PARIS (Reuters) - Lebanon’s Prime Minister Saad al-Hariri and his family will travel to France in coming days, a French presidential source said on Wednesday, after Emmanuel Macron invited him as part of efforts to defuse tensions in the Middle East.
Speaking in the German city of Bonn after a climate conference, Macron said his invitation was not an offer of exile for Hariri, who announced his abrupt resignation as premier 11 days ago from the Saudi capital Riyadh.
Lebanese President Michel Aoun, who has refused to accept his prime minister’s resignation, earlier on Wednesday accused the Saudis of holding Hariri hostage - and called this an act of aggression.
Asked if he was offering Hariri exile, Macron said: “No, not at all. I hope that Lebanon will be stable, and that political choices should be in accordance with institutional rule.
“We need a strong Lebanon with her territorial integrity respected. We need leaders who are free to make their own choices and speak freely.”
France has close relations with Lebanon, which was under French control between the world wars, and with Hariri, who has a home in France and spent several years in the country. His father Rafik was a close friend of former French President Jacques Chirac.
Macron’s invitation came after he spoke to both Saudi Crown Prince Mohammed bin Salman and Hariri by telephone, the Elysee said in a statement.
Saudi Arabia has denied detaining Hariri or coercing him to quit.
One source in the presidential Elysee Palace said Hariri was expected to arrive in France “in the coming days”.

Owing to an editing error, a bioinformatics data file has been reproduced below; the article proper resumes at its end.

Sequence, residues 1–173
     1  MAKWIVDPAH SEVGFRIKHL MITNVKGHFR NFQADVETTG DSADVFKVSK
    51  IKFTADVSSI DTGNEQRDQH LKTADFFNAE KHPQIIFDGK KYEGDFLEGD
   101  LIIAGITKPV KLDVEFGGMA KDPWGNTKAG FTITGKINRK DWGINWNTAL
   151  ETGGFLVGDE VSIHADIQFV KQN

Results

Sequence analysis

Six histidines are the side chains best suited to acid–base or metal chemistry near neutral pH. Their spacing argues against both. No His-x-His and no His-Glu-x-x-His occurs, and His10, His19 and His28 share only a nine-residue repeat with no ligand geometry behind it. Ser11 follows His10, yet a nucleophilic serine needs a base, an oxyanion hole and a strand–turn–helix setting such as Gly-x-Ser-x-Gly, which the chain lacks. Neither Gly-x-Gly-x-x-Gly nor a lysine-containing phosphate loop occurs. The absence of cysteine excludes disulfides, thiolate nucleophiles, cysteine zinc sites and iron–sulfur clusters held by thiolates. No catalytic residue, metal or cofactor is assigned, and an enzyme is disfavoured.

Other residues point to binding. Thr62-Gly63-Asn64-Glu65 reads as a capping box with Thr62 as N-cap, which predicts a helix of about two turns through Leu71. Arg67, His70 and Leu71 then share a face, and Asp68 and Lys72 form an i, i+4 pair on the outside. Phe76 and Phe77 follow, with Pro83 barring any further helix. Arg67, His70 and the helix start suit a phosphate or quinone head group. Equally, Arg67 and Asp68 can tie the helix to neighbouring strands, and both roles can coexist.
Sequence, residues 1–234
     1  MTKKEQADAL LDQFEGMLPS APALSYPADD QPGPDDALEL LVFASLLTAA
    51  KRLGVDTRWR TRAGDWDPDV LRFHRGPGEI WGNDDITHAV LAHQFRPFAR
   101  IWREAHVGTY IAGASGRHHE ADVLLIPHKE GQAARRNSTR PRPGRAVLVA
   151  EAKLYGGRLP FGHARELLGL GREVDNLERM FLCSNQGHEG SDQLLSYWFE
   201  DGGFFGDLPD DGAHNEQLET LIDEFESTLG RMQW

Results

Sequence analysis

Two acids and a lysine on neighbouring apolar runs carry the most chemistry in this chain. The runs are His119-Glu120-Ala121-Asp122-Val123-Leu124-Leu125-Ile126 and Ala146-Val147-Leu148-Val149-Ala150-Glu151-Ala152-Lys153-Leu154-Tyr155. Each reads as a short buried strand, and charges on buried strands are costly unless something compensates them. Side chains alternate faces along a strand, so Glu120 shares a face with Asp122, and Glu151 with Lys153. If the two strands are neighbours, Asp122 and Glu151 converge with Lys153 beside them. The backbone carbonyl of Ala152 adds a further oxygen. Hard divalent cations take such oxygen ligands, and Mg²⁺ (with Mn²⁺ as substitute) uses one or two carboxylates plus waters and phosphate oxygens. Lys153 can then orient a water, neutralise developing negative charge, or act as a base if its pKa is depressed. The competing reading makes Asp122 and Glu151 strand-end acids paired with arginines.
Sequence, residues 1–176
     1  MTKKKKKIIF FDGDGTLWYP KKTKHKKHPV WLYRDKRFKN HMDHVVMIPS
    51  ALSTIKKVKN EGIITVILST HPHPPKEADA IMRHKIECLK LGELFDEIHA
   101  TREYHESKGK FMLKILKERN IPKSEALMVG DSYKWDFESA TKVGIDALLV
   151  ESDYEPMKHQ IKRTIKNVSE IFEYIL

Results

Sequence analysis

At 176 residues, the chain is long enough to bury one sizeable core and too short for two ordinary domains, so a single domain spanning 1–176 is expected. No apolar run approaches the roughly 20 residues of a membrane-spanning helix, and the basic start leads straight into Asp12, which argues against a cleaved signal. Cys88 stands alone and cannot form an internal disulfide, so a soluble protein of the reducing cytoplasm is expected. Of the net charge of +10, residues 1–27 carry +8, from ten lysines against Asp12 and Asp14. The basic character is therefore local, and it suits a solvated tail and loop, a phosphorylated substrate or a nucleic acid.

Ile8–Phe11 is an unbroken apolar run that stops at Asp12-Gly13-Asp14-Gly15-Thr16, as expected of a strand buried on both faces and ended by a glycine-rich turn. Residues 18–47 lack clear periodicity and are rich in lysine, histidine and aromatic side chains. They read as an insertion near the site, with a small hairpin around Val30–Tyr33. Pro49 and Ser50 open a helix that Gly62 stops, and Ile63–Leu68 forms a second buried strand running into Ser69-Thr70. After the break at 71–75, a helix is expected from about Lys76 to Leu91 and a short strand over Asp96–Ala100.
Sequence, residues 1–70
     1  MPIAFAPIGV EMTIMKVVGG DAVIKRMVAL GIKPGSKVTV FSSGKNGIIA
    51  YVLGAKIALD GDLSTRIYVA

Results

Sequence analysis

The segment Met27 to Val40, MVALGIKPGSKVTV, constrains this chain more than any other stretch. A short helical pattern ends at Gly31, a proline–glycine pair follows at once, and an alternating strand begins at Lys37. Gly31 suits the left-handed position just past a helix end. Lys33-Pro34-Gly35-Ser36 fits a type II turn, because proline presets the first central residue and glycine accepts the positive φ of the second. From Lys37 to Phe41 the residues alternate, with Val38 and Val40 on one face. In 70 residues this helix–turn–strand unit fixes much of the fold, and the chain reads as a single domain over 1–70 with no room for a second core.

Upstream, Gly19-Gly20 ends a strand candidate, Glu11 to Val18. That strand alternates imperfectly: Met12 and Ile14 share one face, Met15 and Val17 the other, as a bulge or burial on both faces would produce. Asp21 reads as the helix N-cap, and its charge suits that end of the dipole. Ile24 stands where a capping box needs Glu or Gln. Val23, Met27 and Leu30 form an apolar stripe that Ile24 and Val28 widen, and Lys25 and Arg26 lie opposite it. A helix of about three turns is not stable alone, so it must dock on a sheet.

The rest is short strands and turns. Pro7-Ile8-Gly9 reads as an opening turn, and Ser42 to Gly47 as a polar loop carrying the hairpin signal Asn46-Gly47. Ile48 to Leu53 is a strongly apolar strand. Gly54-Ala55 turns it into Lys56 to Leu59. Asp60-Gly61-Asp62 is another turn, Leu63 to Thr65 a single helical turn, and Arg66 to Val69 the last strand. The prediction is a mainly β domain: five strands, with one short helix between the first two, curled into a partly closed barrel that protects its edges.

France’s offer appeared to be a last-minute one, with no indication from French officials this morning that this was on the cards. A French government spokesman in a weekly briefing even called on Hariri to return to Beirut to offer his resignation.
French diplomats in Paris appeared caught off-guard. They said Macron had found a way to get Hariri out of Saudi Arabia without any side losing face, but questioned how this would pan out in the longer term.
“This has come out of the blue,” one diplomat said.
“The president wants to ease tensions ... but we’re also going round in circles. Are we just inheriting the problems?”
Hariri on Wednesday reiterated on Twitter that he would soon return to Beirut. It was not clear whether he might stop in Beirut before coming to Paris.
France’s foreign minister, Jean-Yves Le Drian, arrived in Riyadh on Wednesday evening to dine with Crown Prince Mohammed and will meet Hariri on Thursday afternoon.
Saudi Arabia has long been considered Hariri’s main external supporter. Aoun is a political ally of Lebanon’s Hezbollah, a powerful Shi’ite Muslim group with close ties to Iran.
Lebanon’s coalition government was formed last year through a political deal that made Aoun president, Hariri prime minister, and included members of Hezbollah in the cabinet.
Macron last week made a last-minute stopover in Riyadh on his way back from the Gulf to see Crown Prince Mohammed, and has since spoken to Aoun and hosted the Lebanese foreign minister in Paris on Tuesday.
Reporting by Richard Lough and John Irish; Editing by William Maclean and Andrew Roche